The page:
It was an unfortunate day in 2008 when The Long Blondes had to disband after only two albums due to guitarist/songwriter Dorian Cox’s stroke. While rumours continued to percolate around Long Blondes frontwoman Kate Jackson’s yet-to-be-released solo album, I hadn’t heard anything more about the rest of the band, especially about what had become of Cox. Then at the end of last October, I received an email out of the blue ether, announcing his return with a new band called Former Lover. And they were apparently releasing a limited edition maxi-cassingle with fellow indie Sheffield band Nature Set. This was fantastic news. For one thing, I really love the word cassingle. Luckily, I also discovered that I really enjoyed both bands’ work. Fronted by Myrtle with Cox on guitar/organ and Daniel Dylan Wray on bass, Former Lover is an exciting departure from the scratchy vintage pop we had grown used to hearing from Cox. Instead, we get some minimal, yet seductive post-punk that relies heavily on the bass guitar for melody lines. Nature Set, which includes another ex-Long Blondes member, Reenie Hollis, and Daf, Claire, and Marie of garage-punk band Navvy, is a high-octane contrast with buzzsaw guitar and wonky synths. The sunshine yellow cassette has no label, but comes in a cardboard slipcase that has a DIY stamped design reminiscent of The Orphan Arms’ aesthetic. The analog format definitely serves both bands’ styles of music, allowing for the constant creep of static on Former Lover’s songs and fleshing out the fuzztones of Nature Set.
The first side I’m cued to slip into the tape player is the Former Lover side. Myrtle’s detached yet sweet, Alison Stattonesque voice is a clinical complement to a musical background that makes me think of sodium-lit car parks and cheap, brown-wallpapered motels from the 70s (the retro aesthetic is also cultivated in their music videos). With the three songs’ knocked-up pauses and obvious drum machines, they evoke the seedy and the synthetic. “He Doesn’t Have to Know About You” begins with a psychotic, pared-down bass figure that recalls “Stand By Me,” but twists it into something unresolved, unhinged, and voyeuristic. The song even includes what sounds like a much harsher, sharper güiro, a mechanized güiro, in fact. To supplement the languid bass, there are fabulous scribbles of distorted guitar that sound like someone slowly losing his/her mind. In a singsong, matter-of-fact vocal, Myrtle provides the chorus of “He doesn’t have to know about you/And she doesn’t have to know about me/For the record.” She even sets a time limit on the relationship: “until we’re thirty-five at the most.” The second track, “Unlust,” carries the fullest guitar line, but still keeps gaps of tension and a metallic iciness in the random clangs of percussion. There are more lyrics of a fantastically straightforward nature, such as “I suppose my lust for you is wasted/So I suppose I should divert it somewhere else.” The final track is “Heartbreak Button,” an understated tango set to the weirdly flat whip of a drumbeat you would find on the opening of New Order’s “Blue Monday.” Between stabs of organ, Myrtle pleads “Don’t press the heartbreak button…please,” damping her desperation by reverting to the mechanical stance on love and sex that is present in the previous tracks. At one point, the song becomes particularly chilling as the narrator asks “I was a good person/Wasn’t I?,” which sounds like the kind of unsettling, doubting question you hear from a person clinging to an unhealthy relationship.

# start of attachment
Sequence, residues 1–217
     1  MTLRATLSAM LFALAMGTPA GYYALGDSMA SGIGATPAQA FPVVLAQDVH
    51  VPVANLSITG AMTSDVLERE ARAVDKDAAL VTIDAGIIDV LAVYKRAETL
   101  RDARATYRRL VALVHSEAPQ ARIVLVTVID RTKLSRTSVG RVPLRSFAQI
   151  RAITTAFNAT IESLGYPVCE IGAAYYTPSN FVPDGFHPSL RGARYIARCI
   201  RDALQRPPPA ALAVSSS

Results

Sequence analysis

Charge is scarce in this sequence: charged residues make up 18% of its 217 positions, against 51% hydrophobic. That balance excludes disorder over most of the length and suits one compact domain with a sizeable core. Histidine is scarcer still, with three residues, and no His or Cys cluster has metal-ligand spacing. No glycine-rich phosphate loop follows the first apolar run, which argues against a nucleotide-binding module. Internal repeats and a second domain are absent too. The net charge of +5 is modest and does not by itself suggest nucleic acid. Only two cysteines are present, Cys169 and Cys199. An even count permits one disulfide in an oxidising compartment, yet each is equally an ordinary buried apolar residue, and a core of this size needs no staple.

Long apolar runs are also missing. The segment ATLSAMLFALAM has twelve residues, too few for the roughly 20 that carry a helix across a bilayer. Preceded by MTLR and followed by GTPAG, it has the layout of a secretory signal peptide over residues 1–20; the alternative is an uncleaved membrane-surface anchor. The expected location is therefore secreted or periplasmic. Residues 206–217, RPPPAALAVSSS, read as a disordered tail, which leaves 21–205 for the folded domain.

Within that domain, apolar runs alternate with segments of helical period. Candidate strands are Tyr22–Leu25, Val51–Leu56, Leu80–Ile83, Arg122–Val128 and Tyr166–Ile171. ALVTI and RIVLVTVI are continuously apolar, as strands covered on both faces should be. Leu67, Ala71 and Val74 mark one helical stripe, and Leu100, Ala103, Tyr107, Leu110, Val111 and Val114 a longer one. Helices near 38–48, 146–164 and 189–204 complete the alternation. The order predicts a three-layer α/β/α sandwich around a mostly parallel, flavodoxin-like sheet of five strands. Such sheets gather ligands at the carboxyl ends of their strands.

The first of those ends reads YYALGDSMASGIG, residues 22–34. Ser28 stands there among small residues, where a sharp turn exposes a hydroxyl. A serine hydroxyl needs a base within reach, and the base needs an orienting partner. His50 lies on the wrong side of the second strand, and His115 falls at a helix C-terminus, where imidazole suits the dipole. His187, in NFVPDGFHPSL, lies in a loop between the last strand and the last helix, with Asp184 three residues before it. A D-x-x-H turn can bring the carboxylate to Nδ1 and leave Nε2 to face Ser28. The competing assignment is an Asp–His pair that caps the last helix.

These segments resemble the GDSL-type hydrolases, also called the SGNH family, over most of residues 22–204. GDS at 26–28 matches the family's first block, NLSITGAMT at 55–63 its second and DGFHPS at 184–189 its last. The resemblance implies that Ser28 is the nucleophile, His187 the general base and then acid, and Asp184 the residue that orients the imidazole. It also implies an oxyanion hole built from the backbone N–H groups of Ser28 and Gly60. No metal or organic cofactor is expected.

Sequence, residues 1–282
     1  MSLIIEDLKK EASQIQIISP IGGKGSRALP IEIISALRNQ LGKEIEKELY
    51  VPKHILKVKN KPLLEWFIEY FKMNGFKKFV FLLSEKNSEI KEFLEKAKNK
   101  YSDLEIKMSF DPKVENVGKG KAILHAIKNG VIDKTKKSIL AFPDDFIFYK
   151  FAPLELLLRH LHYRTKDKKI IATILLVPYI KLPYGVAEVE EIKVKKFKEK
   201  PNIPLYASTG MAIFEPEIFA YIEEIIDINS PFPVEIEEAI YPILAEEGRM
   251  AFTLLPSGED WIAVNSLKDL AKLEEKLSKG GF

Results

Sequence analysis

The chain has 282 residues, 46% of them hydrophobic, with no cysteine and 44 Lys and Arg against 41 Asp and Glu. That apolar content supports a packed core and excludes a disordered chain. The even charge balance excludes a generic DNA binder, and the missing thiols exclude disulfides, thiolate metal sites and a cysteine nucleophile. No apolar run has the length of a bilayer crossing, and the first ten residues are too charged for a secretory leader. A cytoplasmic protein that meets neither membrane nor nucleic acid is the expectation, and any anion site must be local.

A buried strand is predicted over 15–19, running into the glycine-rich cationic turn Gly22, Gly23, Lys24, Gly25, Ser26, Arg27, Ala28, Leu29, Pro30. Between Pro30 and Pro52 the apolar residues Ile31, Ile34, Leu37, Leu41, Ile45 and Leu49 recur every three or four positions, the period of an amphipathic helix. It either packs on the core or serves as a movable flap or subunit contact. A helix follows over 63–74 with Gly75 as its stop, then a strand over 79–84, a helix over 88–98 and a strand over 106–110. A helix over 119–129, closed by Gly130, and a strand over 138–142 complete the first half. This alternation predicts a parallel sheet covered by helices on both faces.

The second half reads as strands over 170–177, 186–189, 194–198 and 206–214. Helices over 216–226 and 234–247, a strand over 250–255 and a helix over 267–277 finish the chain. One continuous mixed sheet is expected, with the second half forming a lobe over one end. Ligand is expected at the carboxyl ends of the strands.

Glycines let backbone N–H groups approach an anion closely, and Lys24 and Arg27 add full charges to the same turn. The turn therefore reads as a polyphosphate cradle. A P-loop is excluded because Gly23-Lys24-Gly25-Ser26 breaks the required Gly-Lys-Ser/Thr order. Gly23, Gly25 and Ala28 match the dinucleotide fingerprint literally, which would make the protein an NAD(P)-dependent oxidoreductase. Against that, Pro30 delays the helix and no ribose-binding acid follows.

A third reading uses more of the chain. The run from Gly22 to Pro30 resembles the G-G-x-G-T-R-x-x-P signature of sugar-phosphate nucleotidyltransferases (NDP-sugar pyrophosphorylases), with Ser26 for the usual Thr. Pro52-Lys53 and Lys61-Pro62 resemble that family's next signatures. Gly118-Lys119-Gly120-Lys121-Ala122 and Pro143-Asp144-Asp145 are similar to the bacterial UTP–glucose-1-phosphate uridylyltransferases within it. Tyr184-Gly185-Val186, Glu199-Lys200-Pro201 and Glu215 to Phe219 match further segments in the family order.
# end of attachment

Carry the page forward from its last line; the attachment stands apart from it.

With their snarky female backing vocals and pop sensibility, there’s a bit of Kenickie about Nature Set. Their opening track, “If You Lived Here You’d Be Home By Now,” taunts and seesaws back and forth to a punchy bassline and a counter melody on synths. The drums pound through the bridge as synths continue to build with alarm-like quality and the electric guitar crescendos to a roar. “Hands” begins with the proclamation that “this week has gone to hell” and the narrator has “done nothing worthwhile.” It blossoms into a punky version of a 60s girl group song complete with a Spectorish bassline on methamphetamine and wide-eyed Sarah Records vocals. There’s a brash honesty to the lyrics, including “I’m not wishing it could last,” and the chorus is a blast of blissful melody as it delivers more candid observations: “It’s all right here in my hands…I still want more than I’ve found.” Closing track, “I Am a Planet,” is a swift, spinning slap of crazy. The vocals build upon each other in rhyming recklessness while arcade synths buzz in the background and the drums crash. It’s the perfect, incendiary collapse for the end of the cassette.
I truly hope I’ll be hearing more from both bands in the near future. Long live the Sheffield indie scene. And long live the impractical, yet enchanting cassingle.
Purchase the cassingle for only £2.50 at Naked Under Spacesuit.